Six Colors
Six Colors

by Jason Snell & Dan Moren

Childhood Cancer Awareness Month

This month, join us and Relay FM in supporting St. Jude.

Email aliases presenting issues in latest Apple updates

Saw this post by Juli Clover over at MacRumors about email aliases not working correctly in iOS 14:

Those aliases are not working as intended as of the iOS 14 update, with the Mail app on iPhone and iPad ignoring the preferred alias that’s selected when sending an email.

I’ve been meaning to write something because I’ve been seeing this behavior on my iMac running macOS 10.15.7. Every time I check the preferences in the Mail app, it’s defaulted my address to instead.1

This has annoyed me several times in the last couple weeks as I’ve sent a message off only to realize that it came from an address I don’t really use. For me, it’s a matter of preference, but I can imagine there are a number of cases in which it could be a more significant issue for users.

Weirdly enough this doesn’t seem to be happening for me on either my iPhone or iPad running iOS 14.0.1. Very peculiar.

  1. 🤮 

Apple-Epic hearing points to long road to come

Patrick McGee, a reporter for the Financial Times, live-tweeted yesterday’s hearing for the Epic v. Apple case in a lengthy thread that’s well worth reading if you’re interested in the case.

Highlights have been pulled out elsewhere, including from Kyle Orland at Ars Technica, but the upshot seems to be that while solid arguments were made on both sides, Epic definitely took the brunt of the judge’s attention yesterday.

A written decision will likely be handed down in the next few days, with the next step being a trial in 2021. Judge Yvonne Gonzalez Rogers also suggested that the trial might involve a jury, which adds an additional dimension to the case. Barring Epic and Apple coming to some sort of understanding between now and then—not particularly likely, given the latest shots fired—we’ll have to tune in next summer to see what happens.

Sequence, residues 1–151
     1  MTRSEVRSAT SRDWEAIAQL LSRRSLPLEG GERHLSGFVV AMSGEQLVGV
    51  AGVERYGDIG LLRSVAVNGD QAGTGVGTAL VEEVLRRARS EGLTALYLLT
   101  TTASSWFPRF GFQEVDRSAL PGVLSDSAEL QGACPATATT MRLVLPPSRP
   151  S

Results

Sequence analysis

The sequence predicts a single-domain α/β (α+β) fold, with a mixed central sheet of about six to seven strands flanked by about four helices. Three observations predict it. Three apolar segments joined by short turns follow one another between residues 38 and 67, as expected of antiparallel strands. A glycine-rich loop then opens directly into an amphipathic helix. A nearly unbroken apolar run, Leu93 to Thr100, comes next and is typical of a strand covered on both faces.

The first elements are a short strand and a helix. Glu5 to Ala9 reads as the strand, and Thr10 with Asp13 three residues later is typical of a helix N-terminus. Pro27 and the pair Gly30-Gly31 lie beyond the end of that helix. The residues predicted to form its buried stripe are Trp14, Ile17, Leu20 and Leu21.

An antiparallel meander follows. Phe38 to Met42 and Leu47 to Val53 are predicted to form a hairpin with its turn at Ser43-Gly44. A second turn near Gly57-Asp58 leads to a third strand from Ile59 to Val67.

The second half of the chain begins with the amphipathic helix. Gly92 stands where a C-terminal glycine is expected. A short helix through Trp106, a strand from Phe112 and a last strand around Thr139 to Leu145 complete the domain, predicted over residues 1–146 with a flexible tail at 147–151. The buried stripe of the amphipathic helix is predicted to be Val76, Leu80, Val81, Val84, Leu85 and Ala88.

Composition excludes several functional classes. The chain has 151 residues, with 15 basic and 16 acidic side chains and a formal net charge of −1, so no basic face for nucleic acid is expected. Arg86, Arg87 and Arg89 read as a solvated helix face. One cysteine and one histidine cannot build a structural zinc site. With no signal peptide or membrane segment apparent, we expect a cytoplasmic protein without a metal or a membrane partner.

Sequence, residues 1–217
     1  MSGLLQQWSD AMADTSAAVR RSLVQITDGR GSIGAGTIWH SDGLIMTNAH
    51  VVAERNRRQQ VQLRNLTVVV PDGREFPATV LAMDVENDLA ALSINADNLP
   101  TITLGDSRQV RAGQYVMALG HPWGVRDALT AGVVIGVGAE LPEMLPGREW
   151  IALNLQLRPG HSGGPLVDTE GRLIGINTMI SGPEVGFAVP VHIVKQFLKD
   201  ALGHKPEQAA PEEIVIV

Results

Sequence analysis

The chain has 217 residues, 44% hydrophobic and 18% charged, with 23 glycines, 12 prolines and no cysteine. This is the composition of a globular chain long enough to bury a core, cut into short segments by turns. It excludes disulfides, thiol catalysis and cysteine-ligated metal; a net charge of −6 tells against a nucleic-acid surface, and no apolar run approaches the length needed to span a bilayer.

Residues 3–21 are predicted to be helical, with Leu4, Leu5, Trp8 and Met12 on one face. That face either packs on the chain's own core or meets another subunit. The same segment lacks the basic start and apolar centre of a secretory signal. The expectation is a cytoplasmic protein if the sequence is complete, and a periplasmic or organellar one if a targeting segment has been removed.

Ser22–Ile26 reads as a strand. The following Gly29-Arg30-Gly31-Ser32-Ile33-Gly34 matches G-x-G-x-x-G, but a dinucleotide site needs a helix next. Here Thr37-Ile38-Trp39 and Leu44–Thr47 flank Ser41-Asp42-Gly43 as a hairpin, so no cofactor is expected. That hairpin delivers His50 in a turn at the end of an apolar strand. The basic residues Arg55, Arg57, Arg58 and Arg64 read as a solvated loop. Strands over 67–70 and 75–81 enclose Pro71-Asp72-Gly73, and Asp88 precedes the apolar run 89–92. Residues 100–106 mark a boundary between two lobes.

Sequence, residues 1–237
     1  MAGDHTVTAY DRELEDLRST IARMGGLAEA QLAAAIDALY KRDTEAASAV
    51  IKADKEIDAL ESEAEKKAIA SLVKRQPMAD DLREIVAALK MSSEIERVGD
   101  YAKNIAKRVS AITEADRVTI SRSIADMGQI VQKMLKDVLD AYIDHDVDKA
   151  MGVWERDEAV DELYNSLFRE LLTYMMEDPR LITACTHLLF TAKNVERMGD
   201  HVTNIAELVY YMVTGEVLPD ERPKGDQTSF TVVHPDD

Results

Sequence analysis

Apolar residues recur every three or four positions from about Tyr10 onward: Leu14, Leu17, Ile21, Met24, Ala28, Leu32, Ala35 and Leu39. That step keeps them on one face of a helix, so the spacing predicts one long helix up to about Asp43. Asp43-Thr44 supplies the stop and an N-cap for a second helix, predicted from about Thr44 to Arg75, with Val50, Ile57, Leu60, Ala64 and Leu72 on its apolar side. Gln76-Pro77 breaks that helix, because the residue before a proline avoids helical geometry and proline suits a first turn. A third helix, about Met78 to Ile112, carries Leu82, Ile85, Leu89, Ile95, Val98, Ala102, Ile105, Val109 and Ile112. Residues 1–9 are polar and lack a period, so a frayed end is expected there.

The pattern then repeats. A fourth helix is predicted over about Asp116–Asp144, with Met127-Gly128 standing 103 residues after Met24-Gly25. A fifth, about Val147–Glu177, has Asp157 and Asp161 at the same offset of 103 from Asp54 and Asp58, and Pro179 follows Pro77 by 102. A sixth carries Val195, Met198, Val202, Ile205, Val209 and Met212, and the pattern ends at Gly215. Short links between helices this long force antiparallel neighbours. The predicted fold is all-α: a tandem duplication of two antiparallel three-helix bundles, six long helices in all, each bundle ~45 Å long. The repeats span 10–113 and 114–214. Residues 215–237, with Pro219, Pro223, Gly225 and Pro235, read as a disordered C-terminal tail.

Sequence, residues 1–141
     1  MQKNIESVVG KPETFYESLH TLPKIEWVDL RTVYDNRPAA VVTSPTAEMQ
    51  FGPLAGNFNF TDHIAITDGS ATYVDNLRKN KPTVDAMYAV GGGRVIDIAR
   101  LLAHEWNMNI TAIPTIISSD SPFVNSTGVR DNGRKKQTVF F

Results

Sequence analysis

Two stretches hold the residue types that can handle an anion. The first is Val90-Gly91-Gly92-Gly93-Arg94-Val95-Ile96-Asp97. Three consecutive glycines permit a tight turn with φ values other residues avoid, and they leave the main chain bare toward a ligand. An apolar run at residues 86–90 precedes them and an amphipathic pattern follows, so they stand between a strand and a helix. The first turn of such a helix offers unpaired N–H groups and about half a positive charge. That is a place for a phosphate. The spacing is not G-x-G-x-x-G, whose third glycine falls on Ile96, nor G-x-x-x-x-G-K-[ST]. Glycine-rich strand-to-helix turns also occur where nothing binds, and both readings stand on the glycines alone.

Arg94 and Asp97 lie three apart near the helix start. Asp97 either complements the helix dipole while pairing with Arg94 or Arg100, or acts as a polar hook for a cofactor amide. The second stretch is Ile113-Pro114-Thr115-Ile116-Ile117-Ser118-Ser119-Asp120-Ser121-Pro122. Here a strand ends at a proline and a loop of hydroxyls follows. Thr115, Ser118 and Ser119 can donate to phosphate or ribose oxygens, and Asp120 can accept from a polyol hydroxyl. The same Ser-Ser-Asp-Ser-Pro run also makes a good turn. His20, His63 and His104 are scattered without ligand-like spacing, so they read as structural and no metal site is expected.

By Dan Moren for Macworld

Three ways Apple could improve its core Services experience

Services: they’re so hot right now.

Earlier this year, Apple beat its self-stated goal of doubling Services revenue in 2020 with time to spare, and the company has not only recently announced that it will be launching a new service, Apple Fitness+, but also finally elected to offer a competitively priced bundle of its many services to consumers.

With all of that said, there are some elements of Apple’s services that are still a bit lackluster, and more than a few of them are parts of the very systems on which the company and its users rely. In the same way that you might want to look to patching a foundation before worrying about painting the walls, there are a few places where Apple might want to shore up its fundamentals before launching into something new.

Continue reading on Macworld ↦

By Dan Moren

Amazon is selling safety with a side of paranoia

Writing at Fast Company, Jared Newman adroitly points out that a central thread of Amazon’s product announcements this week is that they’re based on fear of crime:

The rapid-fire video presentation had a lot to take in, but through it all, there was one clear, recurring theme: Danger is everywhere; Amazon can make you safe again. Amazon’s vision for the smart home is an increasingly fearful one, in which intruders must be persistently fended off. Even previously innocent products like the Echo speaker now play a key role Amazon’s ever-expanding security push.